The primary reason for my visit to Melbourne’s Freeplay Independent Games Festival yesterday was to listen to a talk on Sleep is Death, an indie two-player-only game that is being discussed virtually everywhere in the games world at the moment. My own connection to the game is a little unnerving; its name has come up in conversations I’ve participated in and articles I’ve read with startling regularity. And then I turned up yesterday afternoon, shaking raindrops from my coat, only to realise that the person giving the talk seemed very familiar. It was Mike, a tutor of mine from uni.
Mike started by telling us the basics. Sleep is Death is by Jason Rohrer, the same guy who had the games-as-art community in a tizzy with Passage back in 2007. Sleep is Death is designed for two people only. One is the ‘controller’, who works behind-the-scenes to steer the plot and furnish the game world. The other is the ‘player’, who can interact with the environment laid before him however he pleases. The two players take turns to advance the story every thirty seconds, bouncing off one another’s actions to create a truly dynamic and unpredictable gaming experience.
Mike drew special attention to the significance of the game’s name. Despite each story having the potential to branch in limitless directions – and therefore span a limitless range of emotion – Rohrer chose to title his game the unsettling Sleep is Death, a conscious decision to plant preconceived ideas about the experience the game can offer into the players’ heads. Rohrer hoped that this would steer players into creating a particularly profound story. However, Mike remarked that players, when confronted with the improvisational nature of Sleep is Death’s storytelling, often tended to veer towards comedy instead, something that I began to understand after his talk, when he was able to give me a personal demonstration of the game.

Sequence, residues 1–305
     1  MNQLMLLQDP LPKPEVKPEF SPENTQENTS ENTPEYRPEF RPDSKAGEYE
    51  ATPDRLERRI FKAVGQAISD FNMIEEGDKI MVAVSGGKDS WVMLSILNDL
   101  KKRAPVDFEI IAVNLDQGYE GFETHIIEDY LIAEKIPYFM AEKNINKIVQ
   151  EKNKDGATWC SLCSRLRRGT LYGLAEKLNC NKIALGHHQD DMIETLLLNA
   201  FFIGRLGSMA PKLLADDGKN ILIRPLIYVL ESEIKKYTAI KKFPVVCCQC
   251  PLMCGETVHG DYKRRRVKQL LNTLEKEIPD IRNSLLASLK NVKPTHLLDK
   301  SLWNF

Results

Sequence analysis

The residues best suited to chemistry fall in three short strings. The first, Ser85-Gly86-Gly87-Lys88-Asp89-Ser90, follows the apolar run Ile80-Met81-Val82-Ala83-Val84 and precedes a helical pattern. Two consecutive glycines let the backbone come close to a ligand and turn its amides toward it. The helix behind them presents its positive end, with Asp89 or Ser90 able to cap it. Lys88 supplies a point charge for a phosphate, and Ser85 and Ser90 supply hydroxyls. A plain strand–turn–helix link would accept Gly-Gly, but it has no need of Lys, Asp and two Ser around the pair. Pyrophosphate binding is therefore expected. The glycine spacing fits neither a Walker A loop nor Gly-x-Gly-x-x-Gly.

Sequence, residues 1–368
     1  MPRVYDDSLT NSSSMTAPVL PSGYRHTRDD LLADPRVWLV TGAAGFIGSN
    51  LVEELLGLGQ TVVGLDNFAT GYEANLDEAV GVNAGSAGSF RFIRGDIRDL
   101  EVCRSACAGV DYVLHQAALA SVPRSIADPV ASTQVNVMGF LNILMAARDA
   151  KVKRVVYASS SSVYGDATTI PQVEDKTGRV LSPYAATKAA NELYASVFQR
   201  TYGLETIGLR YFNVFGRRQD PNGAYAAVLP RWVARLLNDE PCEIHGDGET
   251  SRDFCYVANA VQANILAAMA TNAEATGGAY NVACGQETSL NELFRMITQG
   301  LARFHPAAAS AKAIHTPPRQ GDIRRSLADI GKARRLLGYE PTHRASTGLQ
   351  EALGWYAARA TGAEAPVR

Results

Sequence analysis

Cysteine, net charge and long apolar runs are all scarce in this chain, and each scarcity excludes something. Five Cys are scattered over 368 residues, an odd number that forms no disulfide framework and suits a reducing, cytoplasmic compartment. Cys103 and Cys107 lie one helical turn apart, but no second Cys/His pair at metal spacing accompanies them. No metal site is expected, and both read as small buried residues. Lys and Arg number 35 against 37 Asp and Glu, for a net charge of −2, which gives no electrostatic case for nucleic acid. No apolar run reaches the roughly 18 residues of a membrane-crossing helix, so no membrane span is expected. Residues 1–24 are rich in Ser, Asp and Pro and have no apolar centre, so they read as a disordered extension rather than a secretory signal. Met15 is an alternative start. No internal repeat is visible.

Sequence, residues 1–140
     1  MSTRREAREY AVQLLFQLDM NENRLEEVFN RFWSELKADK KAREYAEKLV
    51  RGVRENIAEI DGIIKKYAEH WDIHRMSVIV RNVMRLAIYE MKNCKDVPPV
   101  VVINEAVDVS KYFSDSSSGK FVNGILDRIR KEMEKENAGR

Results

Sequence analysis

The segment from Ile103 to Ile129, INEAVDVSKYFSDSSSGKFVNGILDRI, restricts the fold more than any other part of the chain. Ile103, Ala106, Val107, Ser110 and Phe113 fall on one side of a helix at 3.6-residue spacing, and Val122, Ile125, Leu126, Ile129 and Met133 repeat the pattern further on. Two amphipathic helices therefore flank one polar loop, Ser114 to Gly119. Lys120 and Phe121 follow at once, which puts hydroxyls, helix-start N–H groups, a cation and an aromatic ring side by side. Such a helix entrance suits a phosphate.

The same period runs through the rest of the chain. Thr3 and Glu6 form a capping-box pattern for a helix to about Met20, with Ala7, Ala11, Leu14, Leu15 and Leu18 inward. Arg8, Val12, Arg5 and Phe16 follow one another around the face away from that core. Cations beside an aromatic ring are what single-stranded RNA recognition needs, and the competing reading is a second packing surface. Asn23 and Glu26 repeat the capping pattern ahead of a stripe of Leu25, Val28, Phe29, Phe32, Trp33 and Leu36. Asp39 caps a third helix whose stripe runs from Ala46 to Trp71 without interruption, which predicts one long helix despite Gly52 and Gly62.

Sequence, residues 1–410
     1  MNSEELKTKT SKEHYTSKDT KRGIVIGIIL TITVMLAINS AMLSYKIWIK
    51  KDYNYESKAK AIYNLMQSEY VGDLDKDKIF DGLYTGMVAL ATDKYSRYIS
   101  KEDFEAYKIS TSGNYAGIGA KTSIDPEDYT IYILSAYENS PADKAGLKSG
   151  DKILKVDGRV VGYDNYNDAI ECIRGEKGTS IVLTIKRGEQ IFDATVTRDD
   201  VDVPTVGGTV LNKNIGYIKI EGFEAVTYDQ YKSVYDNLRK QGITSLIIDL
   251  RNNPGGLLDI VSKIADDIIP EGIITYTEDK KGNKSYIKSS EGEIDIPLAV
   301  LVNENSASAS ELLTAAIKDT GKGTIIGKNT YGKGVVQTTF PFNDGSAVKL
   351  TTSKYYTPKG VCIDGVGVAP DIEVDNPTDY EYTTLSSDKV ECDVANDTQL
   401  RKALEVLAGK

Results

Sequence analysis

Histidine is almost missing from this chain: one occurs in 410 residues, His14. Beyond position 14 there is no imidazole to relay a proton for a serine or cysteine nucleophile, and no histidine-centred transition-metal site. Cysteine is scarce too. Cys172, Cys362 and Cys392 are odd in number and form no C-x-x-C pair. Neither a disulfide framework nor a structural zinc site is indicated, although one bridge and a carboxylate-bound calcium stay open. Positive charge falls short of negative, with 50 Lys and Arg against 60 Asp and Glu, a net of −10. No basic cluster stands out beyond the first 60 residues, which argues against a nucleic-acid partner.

There is no escape
Mike and I each took a seat at one of two computers, set up back-to-back. After a moment, a surprisingly detailed scene appeared before me. I was Eve, dressed in traditional garb and standing in the Garden of Eden. An apple hung tantalisingly on a tree branch before me. A snake was coiled in the tree’s shade.
I was instantly set off my guard by this. I’m a 25 year old modern female, agnostic more through laziness than by educated choice; I wasn’t sure how to react to the biblical scene before me. Haltingly, I typed Eve’s thoughts into a speech bubble. “I suppose you want me to eat this apple,” she said out loud, to nobody in particular.
It was Mike’s turn. I could hear him typing furiously, and after thirty seconds, my screen had changed again. This time, the snake spoke: “I was supposed to convince you to eat the apple, but if you want to make my job easy, by all means, go ahead.”
I giggled at the snake’s cleverness, but I wasn’t about to let him win. I also had that thirty-second timer ticking down, limiting the time I had to formulate a witty response. “I’m bored,” Eve declared, wandering off-screen.